Thi Mai

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Critic Reviews for Thi Mai

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Audience Reviews for Thi Mai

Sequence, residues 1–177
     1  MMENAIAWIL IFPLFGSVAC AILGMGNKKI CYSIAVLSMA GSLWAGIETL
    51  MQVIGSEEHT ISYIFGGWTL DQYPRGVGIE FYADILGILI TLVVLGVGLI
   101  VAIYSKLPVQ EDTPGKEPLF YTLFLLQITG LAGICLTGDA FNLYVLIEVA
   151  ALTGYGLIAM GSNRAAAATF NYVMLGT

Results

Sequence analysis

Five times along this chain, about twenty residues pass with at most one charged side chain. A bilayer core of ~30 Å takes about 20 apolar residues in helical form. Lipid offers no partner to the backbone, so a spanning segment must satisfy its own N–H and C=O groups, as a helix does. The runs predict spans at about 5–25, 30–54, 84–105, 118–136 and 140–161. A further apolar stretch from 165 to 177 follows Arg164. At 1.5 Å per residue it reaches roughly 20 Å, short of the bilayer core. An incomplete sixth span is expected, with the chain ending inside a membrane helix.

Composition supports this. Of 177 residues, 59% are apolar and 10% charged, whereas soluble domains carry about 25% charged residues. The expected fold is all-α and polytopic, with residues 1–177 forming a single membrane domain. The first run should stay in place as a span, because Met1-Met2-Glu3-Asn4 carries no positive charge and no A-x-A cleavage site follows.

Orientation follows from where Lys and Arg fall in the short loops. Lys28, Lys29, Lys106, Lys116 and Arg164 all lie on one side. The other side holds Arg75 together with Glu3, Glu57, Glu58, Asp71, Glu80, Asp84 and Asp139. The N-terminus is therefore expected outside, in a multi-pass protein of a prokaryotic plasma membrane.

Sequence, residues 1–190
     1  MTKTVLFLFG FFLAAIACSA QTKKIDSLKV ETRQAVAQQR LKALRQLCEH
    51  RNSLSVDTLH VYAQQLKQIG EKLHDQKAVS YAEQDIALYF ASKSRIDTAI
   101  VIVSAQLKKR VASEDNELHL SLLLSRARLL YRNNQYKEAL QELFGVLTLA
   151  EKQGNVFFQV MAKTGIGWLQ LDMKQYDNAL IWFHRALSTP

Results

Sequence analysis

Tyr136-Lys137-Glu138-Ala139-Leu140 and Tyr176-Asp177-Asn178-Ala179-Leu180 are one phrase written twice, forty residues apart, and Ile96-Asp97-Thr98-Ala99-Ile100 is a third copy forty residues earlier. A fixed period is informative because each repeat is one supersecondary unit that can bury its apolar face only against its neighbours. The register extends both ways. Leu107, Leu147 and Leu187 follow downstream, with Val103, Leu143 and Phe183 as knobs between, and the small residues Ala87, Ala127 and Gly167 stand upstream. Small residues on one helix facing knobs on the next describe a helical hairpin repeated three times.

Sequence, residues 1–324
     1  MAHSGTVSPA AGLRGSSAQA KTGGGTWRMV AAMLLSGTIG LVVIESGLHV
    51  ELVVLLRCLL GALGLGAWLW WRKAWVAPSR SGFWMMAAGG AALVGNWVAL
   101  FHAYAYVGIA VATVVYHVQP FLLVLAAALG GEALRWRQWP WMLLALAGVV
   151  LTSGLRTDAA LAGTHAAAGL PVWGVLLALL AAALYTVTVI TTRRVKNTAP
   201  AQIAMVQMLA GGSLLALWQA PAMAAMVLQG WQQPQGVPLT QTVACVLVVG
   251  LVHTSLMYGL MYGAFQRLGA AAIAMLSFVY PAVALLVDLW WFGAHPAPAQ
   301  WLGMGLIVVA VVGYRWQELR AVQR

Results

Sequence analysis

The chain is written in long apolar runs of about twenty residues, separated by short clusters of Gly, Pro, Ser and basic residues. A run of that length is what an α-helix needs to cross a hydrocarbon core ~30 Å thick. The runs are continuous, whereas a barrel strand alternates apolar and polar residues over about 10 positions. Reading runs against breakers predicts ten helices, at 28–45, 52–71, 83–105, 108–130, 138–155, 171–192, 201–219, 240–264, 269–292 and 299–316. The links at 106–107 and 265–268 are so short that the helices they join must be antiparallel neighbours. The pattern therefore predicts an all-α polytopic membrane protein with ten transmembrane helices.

• May 05, 2018